The Future Fund has downplayed the possibility of a so-called Goldilocks scenario in which economic growth is neither too hot nor too cold and inflation gradually moderates.
The sovereign wealth fund returned 6.0 per cent in the 12 months to 30 June, reflecting its wider diversification across international markets and private assets over the period.
In a quarterly portfolio update, Future Fund chair Peter Costello said the Australian and global economies had slowed with new challenges emerging for long-term drivers of growth.
“We are yet to see the full impact of higher rates work their way through developed economies and continue to see the risk of a recessions in developed economies as central banks remain vigilant in bringing inflation down,” he warned.
“Share markets were surprisingly strong through the second half of the financial year as they appeared to be pricing in a ‘Goldilocks’ scenario. Whilst this would be a welcome outcome, we see risks on the downside.”
Mr Costello noted that, despite signs that inflation has passed its peak, it remains at elevated levels and sits well above the 2–3 per cent target range of the Reserve Bank of Australia (RBA).
“Data shows wage and price pressures that contribute to inflation remain strong, leaving open the possibility that inflation will continue and the path to lower interest rates remains a way off,” he added.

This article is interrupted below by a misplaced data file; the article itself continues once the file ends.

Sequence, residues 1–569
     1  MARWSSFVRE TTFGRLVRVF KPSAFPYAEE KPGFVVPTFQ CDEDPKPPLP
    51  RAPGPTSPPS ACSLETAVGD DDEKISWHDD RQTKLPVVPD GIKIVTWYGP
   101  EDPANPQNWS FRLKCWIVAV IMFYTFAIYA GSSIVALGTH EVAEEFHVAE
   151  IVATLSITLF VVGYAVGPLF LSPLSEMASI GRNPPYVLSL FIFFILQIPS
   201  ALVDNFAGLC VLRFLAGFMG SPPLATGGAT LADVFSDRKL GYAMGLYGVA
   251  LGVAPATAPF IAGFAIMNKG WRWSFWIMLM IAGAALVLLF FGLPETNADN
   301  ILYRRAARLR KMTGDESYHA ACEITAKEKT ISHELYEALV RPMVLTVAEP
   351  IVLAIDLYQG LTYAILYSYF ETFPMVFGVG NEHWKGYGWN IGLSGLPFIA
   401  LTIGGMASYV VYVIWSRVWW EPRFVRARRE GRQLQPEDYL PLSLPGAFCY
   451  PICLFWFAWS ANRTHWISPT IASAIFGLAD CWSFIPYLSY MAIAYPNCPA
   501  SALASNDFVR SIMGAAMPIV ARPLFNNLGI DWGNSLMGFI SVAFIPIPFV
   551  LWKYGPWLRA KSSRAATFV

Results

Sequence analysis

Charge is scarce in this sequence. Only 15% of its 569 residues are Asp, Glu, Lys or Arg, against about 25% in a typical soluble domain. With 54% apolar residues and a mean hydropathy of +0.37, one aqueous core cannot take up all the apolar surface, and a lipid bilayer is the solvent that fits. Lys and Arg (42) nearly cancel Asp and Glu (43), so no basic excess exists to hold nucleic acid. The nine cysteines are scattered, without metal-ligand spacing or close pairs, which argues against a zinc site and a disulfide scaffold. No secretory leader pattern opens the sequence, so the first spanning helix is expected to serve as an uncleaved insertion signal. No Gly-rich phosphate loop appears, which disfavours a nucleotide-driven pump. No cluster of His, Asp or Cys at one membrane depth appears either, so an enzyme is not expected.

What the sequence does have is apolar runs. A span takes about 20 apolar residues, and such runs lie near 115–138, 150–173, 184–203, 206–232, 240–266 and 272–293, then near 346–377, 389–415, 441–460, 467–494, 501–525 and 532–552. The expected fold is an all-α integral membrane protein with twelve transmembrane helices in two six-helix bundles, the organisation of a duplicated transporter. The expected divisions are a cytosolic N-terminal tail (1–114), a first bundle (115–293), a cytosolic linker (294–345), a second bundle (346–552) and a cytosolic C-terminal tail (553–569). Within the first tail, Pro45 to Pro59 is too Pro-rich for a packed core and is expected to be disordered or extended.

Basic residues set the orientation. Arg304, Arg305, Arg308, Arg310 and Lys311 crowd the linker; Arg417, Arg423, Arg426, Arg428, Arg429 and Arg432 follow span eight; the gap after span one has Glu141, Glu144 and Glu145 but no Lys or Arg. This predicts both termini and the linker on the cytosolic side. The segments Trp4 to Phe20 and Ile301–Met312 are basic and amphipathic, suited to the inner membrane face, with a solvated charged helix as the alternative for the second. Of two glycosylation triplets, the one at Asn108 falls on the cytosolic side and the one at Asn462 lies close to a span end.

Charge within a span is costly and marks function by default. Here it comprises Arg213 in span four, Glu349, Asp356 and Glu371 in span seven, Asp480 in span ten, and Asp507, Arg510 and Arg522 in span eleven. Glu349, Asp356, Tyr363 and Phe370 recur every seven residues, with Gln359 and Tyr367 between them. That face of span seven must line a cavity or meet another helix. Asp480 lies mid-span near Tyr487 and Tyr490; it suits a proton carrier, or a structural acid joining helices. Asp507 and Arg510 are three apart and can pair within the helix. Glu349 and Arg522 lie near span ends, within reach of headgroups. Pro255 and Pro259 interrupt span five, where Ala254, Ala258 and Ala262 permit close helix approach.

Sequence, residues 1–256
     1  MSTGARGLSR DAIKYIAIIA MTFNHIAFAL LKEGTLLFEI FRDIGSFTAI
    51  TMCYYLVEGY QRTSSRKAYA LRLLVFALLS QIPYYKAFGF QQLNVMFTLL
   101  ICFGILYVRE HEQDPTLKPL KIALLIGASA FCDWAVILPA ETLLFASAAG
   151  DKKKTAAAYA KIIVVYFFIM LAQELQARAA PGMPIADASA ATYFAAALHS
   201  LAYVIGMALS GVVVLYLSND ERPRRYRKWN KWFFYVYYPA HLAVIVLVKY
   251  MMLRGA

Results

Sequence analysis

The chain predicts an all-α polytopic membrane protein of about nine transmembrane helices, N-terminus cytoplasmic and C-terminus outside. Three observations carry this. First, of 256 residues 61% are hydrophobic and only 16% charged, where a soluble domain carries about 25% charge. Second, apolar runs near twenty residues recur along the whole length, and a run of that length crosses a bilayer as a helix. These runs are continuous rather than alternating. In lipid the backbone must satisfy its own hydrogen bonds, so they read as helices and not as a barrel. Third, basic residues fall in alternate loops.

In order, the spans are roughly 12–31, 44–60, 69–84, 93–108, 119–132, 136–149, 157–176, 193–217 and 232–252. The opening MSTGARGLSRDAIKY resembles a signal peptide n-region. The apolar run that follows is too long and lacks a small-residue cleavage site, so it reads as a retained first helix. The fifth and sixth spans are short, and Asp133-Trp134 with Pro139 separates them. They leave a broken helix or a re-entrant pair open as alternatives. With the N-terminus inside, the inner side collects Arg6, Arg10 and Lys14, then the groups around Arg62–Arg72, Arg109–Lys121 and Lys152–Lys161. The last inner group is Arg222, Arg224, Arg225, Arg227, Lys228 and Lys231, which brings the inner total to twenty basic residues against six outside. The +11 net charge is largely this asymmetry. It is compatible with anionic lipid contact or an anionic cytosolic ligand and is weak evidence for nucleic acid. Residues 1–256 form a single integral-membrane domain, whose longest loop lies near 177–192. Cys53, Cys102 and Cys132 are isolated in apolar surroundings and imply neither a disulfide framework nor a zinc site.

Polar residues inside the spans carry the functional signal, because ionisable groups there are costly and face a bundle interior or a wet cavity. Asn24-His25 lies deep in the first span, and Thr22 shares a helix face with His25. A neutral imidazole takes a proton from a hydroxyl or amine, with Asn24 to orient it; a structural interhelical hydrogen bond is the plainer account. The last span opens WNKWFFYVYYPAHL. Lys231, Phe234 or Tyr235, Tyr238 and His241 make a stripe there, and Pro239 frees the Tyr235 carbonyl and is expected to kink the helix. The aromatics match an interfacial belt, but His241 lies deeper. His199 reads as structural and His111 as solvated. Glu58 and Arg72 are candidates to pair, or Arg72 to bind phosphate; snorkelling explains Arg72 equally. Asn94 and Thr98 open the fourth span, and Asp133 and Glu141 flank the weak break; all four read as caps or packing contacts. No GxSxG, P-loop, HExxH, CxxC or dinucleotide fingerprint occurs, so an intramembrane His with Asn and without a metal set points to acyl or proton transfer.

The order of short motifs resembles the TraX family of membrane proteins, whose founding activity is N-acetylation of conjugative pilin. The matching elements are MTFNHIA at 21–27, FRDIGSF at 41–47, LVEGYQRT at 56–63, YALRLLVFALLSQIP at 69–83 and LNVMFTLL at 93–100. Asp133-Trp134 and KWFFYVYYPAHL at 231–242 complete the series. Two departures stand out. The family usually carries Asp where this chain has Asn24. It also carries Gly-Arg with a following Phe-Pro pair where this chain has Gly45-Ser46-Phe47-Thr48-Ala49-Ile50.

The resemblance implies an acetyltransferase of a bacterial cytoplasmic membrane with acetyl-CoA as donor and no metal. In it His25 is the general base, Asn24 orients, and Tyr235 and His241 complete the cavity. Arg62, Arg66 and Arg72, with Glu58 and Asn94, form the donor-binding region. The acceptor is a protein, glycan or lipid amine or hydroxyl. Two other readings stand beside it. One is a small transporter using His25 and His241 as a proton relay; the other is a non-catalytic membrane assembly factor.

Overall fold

The Future Fund grew to $206.1 billion at the end of June, up from $202.8 billion at the end of March and more than $145 billion above its initial contribution of $60.5 billion in 2006.
Since its inception, the fund has delivered an average annual return of 7.7 per cent per annum, above its target return of 7.0 per cent, while over the past decade it has delivered an average annual return of 8.8 per cent per annum against a target of 6.9 per cent per annum.
Future Fund chief executive officer Raphael Arndt said that favourable investment conditions which have driven markets in recent decades were undergoing “profound changes”, with markets underpricing the “significant economic and geopolitical risk” anticipated by the sovereign wealth fund.
“The Future Fund portfolio is positioned moderately below neutral risk settings at a time when the economic outlook and the direction of inflation and interest rates make investment returns less certain,” he explained.
“We have made significant changes to the portfolio over the past two years and this means that our holdings and returns will look increasingly different from those of other asset owners.”
Dr Arndt also pointed out that higher interest rates made it easier to generate meaningful returns from a diversified range of assets like those owned by the Future Fund.
Mr Costello reiterated that the Future Fund’s board remained focused on maintaining a portfolio that is resilient to a range of scenarios while delivering attractive risk-adjusted returns.
“With persistent higher inflation, we expect real returns to investors will remain below those of the past decade,” he added.
Earlier this month, the Future Fund announced the promotion of current deputy chief investment officer (CIO) Ben Samild to CIO. Dr Arndt had served as acting CIO since June last year.
Jon Bragg is a journalist for Momentum Media's Investor Daily, nestegg and ifa. He enjoys writing about a wide variety of financial topics and issues and exploring the many implications they have on all aspects of life.